Either would be curious because the Biden administration is fighting to end Title 42 in two ongoing cases (CDC v. Louisiana in the Fifth Circuit and Arizona v. Mayorkas, scheduled for argument before the Supreme Court on March 1), and is also vigorously opposing efforts by a group of state plaintiffs to force DHS to reimplement Remain in Mexico (in Texas v. Biden).

In any event, the administration on January 9 published separate notices in the Federal Register on its implementation of this parole program for Venezuela, Nicaragua, Haiti, and Cuba (respectively), none of which mention expulsion as a sanction for nationals of those countries who bypass the parole programs and enter illegally.

Rather, the notice for Venezuelan parole asserts, for example, that those who bypass the parole program and enter illegally will be “permitted a one-time option to voluntarily depart or voluntarily withdraw their application for admission to maintain eligibility to participate in this parole process”. That’s quite the mulligan for a criminal act.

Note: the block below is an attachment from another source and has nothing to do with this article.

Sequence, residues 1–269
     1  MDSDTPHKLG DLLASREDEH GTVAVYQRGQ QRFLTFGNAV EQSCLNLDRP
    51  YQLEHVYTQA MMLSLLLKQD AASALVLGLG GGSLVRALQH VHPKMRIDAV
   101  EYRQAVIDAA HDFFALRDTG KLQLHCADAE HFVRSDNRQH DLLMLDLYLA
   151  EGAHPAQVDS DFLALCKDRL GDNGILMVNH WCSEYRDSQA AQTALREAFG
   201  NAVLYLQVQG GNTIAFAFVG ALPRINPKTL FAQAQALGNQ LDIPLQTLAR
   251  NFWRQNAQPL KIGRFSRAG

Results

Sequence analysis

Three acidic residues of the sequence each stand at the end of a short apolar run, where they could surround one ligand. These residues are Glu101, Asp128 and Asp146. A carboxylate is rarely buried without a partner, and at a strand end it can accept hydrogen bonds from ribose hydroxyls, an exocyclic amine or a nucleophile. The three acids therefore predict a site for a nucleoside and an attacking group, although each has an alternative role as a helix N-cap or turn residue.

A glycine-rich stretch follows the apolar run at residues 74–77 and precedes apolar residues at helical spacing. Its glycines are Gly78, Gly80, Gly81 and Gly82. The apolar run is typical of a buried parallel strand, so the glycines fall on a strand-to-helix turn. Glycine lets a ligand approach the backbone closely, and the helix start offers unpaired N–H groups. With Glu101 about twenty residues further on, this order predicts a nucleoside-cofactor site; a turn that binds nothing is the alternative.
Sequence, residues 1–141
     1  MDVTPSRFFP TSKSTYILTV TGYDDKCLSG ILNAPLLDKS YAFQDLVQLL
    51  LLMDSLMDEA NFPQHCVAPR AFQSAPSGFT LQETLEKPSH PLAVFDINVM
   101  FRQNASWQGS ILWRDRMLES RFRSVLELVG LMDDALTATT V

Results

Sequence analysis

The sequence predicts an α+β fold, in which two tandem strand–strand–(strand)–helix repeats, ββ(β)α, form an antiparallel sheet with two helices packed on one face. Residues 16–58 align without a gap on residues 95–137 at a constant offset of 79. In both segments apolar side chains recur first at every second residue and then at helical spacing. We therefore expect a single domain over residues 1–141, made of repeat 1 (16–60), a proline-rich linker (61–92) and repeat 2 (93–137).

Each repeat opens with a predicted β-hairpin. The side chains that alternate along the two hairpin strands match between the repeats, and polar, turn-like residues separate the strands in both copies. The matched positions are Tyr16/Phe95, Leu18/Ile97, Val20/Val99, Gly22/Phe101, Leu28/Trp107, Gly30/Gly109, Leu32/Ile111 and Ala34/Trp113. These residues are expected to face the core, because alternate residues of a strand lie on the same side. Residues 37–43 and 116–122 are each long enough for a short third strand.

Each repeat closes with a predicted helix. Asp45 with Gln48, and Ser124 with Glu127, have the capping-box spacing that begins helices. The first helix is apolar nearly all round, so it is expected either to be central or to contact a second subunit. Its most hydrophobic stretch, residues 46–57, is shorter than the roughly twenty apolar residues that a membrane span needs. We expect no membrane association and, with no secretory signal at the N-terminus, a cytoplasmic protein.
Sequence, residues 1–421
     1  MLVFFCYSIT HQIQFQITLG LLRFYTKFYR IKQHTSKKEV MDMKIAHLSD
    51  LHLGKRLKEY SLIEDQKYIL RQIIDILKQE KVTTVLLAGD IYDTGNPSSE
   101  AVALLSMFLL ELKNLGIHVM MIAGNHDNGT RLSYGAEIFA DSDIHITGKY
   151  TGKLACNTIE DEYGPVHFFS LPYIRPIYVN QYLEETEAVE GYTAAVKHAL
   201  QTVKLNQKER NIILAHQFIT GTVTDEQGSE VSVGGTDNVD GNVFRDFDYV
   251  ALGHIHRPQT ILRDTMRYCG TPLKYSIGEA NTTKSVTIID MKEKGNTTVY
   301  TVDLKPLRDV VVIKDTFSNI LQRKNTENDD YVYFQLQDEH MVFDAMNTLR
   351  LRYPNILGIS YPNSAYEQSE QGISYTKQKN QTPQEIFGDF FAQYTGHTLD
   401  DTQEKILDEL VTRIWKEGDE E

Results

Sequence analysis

Parole. Section 212(d)(5)(A) of the Immigration and Nationality Act (INA) provides DHS the authority to parole an otherwise inadmissible alien into the United States, but “only on a case-by-case basis for urgent humanitarian reasons or significant public benefit”. Even though the paroled alien is allowed to enter the United States, that entry does not constitute a formal admission.